Alcatraz Florilegium


Botanical art exhibition of plants growing on Alcatraz opens September 1, 2013

In the Prison Band Rehearsal Room, Alcatraz Island

Alcatraz Florilegium, an exhibition of botanical drawings and paintings documenting the plants of the Gardens of Alcatraz, opens on Sunday, September 1, 2013. The exhibition, a project of Northern California Society of Botanical Artists (NCalSBA) in collaboration with the Garden Conservancy, will be open to island visitors through December 31, 2013 in the Alcatraz Prison Band Rehearsal Room. It includes 45 works of art depicting a variety of plant growing on the island. They were created by NCalSBA artists and selected for the exhibition by a jury.
Many of the plants in the exhibition are documented as historic survivors on Alcatraz. In 2003, the Garden Conservancy and the Golden Gate National Parks Conservancy formed a partnership with the National Park Service and set to work to restore the gardens. Staff and volunteers removed the overgrowth, recovered “survivor” plants hidden beneath the tangled mess, and began to restore and enhance what remained of abandoned gardens that had been created decades earlier by wardens and prisoners. For more than a century, gardens were an important part of everyday life for the officers, families, and prisoners confined to Alcatraz by sentence or duty.
Exhibition entries were selected for criteria of fine art and science, including composition, drawing, technique, and scientific accuracy. NCalSBA artists visited the island—some of them, several times—to view and select a plant to depict, with guidance from Garden Conservancy staff. Artists spent between 50 and 100 hours on each piece of art, in a range of media including watercolor, graphite, and colored pencil.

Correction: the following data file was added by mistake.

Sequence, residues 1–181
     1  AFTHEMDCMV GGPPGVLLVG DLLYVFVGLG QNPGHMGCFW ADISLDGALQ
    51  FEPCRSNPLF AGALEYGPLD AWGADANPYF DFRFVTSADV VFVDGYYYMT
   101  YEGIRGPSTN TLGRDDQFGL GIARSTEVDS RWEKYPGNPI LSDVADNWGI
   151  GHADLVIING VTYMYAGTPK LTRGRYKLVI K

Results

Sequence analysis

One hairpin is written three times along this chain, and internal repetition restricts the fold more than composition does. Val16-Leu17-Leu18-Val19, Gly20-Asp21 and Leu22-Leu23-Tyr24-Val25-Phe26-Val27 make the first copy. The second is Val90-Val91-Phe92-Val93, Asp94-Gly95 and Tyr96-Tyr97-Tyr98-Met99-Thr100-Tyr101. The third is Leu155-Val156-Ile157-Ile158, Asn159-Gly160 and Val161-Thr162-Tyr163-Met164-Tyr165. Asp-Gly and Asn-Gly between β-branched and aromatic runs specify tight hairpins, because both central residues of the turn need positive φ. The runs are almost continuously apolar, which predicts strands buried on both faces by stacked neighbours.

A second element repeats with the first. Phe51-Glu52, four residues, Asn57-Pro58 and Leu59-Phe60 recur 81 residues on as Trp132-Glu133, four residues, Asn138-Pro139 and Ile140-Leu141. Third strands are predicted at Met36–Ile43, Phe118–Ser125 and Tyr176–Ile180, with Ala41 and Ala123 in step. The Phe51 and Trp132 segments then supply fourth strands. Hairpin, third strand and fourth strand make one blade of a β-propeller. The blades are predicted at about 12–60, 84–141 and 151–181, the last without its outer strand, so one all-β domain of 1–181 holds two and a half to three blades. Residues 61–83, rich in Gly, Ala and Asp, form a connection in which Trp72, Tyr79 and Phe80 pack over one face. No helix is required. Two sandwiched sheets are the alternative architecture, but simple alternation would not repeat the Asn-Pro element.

The organizers of the Alcatraz Floralegium project were NCalSBA members Lyn Dahl, Sally Petru, and Catherine Watters, together with Shelagh Fritz, the Garden Conservancy’s project manager for the Gardens of Alcatraz.
What is a Florilegium?
A Florilegium is a collection of botanical drawings and paintings depicting the plants of an area. A Florilegium can be of plants found in a particular garden, such as the Gardens of Alcatraz, or the plants found on a voyage of exploration such as Captain Cook’s voyage to the South Seas in the 18th century. Historically, Florilegiums were created to document plants scientifically long before cameras were invented. Contemporary Florilegiums continue this tradition.
The Northern California Society of Botanical Artists is a chapter of the American Society of Botanical Society (ASBA), whose mission is to promote public awareness of contemporary botanical art, honoring its traditions and furthering its development.
The Gardens of Alcatraz are a collaborative venture of the Garden Conservancy, Golden Gate National Parks Conservancy, and National Park Service. In 2003, the three organizations joined forces to restore the historic gardens. Today, a small staff and an army of dedicated volunteers plant and prune, compost and weed, restore and revive gardens that were neglected for forty years.
The Garden Conservancy is a national nonprofit organization dedicated to preserving America’s exceptional gardens. The Garden Conservancy works to save gardens of horticultural and historic significance (such as the Gardens of Alcatraz) for the education and enjoyment of the public, and to provide access to outstanding private gardens through Open Days and other programs.  
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  • The Northern California chapter on Alcatraz for the collection of specimens to be submitted to the first florilegium. (c) 2013 Catherine Watters